Multitasking is a term that is commonly misunderstood. It is often considered a stressful activity that reduces performance due to the short time frame involved in accomplishing multiple tasks. Experts have, however, discovered that these ideas are misconceptions with no factual proof.
Fascinating research has revealed that busy periods of multitasking, often the kind of activities we would rather avoid, fuel our subsequent creativity. The spillover effect caused by our hectic jobs can precipitate the generation of original ideas.
Creativity, more often than not, requires that we try together differing thoughts and ideas. Simply put, we can profit from an additional diffuse mindset as opposed to a strict focus. We know that impact is made when people come together to deliberate opposing ideas. Furthermore, differing perspectives improve versatility and creative thinking.
Shimul Melwani, professor of Organizational Behavior at the University of North Carolina’s Kenan-Flager Business School, US, posited that ‘when people are holding two separate pieces of information in their head, they’re somehow able to act and engage in more creative ways.’ We can compare the same effect with Multitasking.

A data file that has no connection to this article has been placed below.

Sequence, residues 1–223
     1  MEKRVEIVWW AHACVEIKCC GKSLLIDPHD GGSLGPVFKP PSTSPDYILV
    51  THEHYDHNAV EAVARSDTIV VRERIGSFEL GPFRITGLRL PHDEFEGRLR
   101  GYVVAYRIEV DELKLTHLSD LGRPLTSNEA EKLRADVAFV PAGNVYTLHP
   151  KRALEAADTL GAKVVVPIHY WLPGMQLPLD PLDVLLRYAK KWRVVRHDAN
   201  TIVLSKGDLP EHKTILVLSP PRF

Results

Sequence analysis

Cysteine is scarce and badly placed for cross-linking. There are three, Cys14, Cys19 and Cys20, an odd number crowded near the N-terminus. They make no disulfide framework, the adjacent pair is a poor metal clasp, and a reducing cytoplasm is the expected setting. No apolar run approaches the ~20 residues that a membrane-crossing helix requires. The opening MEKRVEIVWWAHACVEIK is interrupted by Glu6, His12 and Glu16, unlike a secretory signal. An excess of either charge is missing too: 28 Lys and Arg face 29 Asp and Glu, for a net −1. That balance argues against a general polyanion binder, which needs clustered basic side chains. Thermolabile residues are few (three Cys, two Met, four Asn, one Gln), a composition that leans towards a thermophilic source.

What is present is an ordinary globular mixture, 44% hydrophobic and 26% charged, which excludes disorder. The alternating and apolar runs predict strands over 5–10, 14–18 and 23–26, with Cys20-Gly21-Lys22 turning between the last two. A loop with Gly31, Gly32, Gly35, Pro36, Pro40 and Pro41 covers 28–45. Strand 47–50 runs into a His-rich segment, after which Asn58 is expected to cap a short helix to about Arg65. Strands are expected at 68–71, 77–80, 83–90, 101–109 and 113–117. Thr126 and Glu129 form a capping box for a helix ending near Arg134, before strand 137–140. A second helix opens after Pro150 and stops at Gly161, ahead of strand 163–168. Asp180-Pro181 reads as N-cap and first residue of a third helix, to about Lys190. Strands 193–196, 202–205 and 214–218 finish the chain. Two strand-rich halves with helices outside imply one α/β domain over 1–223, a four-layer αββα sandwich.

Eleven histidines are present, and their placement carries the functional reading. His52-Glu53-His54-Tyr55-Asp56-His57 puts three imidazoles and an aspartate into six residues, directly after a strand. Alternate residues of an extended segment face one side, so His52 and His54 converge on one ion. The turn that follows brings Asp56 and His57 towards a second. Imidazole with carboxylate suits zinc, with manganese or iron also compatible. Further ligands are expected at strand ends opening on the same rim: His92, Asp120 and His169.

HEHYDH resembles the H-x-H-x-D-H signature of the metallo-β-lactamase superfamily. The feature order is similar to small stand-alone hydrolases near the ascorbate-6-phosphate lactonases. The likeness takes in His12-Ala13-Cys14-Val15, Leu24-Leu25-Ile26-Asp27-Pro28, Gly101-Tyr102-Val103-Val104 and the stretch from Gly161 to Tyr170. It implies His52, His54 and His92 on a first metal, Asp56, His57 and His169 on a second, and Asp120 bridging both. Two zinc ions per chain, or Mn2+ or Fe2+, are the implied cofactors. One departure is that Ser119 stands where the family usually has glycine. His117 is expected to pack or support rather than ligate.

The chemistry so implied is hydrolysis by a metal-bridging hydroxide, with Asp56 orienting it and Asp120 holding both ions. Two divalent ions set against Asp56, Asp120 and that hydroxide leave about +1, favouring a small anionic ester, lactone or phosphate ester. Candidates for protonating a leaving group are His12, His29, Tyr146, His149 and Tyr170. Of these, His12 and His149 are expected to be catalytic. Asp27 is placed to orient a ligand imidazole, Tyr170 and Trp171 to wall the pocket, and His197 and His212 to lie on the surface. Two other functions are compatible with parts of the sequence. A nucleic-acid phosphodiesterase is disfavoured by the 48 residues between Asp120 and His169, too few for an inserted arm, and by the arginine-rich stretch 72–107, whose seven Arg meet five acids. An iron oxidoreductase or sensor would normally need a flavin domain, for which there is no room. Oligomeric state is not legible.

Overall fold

Another effect of Multitasking is it leads to an energized and alert feeling. Our physiology also attests to this fact; when we endeavor to carry out more tasks, our heart rate tends to increase. Researchers have surmised that such energy can equally strengthen the generation of ideas. ‘It could increase our sense of efficacy,’ says Melwani.
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Multitasking is recognized as one significant way to make headway at work and home. It is an essential part of work in today’s technology-driven world. Acknowledging these inherent advantages that accompany Multitasking might provide us with the opportunity to frame our busiest moments positively.